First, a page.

May 20, 2018 | 08:14 p.m.

    This is a very fascinating tool that looks easy to use while also being very informative. The hands-on data collection approach with the simulation seems like a great way to spark the interests of our 21st century learners. I would imagine that once the students learn and understand the complexities that go into environmental sustainability, you would be producing life long learners for the subject. The sensors seem like a great and fast way to have students complete assignments in a timely fashion. I am excited to introduce this into my civil and architecture class. Do you see the possibility of having this technology integrated with architectural software in the foreseeable future? I have students create 3D models of homes and businesses and we discuss the impact that buildings may have on the environment, and it would be amazing to be able to place the new building into the software and see the cause-and-effect. This is such an amazing technology.

  • Small default profile

    Erinne Lych

    K-12 Teacher
    May 20, 2018 | 08:30 p.m.

    What an amazing tool for students to utilize and analyze data for the areas that directly effect them. As a fifth grade teacher, my students and I explore the importance of reducing, reusing, and recycling in order to protect our environment. We also study the effects of pollution on the environment and explore alternate energy sources. Model My Watershed would be a great way for students to visualize their local watershed and see the effects of run off pollution and allow them to plan alternate scenarios to improve the health and quality of their watershed.  The sensors allow students to have a hands-on experience with collecting and analyzing data in the real world. The technology aspect looks as though students will have access to a plethora of different conservation options and combinations of scenarios to visualize how storm water runoff and water quality affect their local watershed.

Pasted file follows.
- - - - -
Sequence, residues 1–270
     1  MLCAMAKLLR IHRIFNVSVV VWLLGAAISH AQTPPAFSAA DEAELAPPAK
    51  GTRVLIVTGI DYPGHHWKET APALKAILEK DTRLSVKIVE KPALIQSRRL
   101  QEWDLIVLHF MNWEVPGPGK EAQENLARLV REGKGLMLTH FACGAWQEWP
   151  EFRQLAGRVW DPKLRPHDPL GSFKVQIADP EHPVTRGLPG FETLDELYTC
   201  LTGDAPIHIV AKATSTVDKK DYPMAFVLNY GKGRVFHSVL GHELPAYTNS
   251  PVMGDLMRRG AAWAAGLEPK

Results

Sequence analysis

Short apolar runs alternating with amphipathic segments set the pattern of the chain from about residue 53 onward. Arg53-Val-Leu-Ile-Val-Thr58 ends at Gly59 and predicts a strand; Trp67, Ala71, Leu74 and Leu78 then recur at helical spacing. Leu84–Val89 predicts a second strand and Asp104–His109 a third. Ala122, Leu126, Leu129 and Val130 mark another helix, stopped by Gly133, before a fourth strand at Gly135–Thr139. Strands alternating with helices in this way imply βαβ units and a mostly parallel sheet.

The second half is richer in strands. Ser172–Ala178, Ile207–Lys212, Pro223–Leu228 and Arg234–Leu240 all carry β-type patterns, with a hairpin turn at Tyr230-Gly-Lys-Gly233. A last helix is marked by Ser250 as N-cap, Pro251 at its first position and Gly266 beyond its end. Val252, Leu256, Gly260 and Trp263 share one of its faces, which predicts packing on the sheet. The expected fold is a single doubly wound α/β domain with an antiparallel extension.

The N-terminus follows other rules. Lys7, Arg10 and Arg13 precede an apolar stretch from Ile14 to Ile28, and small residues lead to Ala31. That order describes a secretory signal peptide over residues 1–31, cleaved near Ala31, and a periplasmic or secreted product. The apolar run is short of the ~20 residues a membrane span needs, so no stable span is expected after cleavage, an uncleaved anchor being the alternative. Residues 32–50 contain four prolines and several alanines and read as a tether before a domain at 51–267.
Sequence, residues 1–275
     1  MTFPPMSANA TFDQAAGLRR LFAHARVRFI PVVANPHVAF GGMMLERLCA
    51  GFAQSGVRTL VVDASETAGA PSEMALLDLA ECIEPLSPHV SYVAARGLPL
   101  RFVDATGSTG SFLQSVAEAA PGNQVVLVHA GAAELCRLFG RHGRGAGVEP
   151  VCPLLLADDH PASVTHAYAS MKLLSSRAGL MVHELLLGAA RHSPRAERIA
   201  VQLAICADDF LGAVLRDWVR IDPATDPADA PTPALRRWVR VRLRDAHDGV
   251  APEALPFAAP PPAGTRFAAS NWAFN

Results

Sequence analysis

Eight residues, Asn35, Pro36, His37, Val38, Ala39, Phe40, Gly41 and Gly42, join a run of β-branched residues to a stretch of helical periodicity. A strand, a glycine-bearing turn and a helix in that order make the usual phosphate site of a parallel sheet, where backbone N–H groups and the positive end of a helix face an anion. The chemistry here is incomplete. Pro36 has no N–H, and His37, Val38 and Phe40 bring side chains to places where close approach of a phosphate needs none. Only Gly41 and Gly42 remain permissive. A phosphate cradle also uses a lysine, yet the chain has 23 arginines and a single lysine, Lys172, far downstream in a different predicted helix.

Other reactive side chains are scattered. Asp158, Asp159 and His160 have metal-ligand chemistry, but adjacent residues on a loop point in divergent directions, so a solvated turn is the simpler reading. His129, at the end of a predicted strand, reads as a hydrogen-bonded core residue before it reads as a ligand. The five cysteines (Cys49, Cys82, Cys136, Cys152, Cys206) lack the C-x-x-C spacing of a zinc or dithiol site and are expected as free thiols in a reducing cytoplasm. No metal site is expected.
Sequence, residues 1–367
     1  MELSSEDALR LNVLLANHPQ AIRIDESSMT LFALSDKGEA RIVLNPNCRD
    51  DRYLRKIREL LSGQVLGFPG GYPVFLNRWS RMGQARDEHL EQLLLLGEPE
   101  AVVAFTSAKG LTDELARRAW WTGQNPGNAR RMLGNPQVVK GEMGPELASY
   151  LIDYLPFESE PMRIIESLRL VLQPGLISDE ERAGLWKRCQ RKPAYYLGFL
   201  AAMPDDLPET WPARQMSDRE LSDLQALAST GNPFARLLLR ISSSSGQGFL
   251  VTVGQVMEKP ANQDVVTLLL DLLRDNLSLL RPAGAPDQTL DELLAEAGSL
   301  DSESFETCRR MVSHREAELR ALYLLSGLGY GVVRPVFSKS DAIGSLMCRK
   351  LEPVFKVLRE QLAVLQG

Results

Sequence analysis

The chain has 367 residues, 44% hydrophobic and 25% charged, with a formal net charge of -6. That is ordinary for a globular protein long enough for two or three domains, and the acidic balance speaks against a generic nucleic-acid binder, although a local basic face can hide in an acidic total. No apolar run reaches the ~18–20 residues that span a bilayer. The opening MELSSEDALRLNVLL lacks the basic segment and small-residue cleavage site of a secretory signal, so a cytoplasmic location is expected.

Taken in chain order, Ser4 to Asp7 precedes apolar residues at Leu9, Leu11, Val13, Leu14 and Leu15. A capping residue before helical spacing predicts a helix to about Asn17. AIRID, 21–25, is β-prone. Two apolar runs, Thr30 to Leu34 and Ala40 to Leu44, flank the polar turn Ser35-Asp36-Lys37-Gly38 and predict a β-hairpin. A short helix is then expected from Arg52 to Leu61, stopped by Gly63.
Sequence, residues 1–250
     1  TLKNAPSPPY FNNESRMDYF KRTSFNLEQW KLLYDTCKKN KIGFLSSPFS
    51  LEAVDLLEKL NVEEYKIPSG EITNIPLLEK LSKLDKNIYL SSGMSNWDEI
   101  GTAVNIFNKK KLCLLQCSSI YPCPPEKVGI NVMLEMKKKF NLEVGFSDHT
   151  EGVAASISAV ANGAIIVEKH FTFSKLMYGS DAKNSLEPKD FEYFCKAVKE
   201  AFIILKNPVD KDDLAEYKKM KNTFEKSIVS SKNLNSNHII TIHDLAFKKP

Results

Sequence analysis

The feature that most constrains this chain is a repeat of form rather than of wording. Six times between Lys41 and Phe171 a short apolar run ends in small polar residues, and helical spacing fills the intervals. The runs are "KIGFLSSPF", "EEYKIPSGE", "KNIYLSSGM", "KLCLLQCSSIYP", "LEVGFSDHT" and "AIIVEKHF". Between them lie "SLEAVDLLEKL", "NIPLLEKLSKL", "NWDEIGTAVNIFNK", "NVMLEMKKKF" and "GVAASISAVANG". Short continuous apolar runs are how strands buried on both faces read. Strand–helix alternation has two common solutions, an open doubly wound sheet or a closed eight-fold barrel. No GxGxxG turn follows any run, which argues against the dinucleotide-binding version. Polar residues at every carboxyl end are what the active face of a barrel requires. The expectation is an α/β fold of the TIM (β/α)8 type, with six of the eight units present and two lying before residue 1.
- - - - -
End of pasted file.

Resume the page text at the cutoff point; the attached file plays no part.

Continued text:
• Icon for: Lamanda Davies

    Lamanda Davies

    K-12 Teacher
    May 20, 2018 | 09:03 p.m.

    Environmental awareness is very important and few people understand the effects that water runoffs have. Ecosystems are sensitive to certain things and changes that are not natural can harm plant and animal life. The tool looks easy to use and could be a stand-alone project or part of a larger assignment that could be combined with classroom and outdoor activities.

  • Icon for: Carolyn Staudt

    Carolyn Staudt

    Curriculum/Professional Developer
    May 20, 2018 | 10:21 p.m.

    Trevor,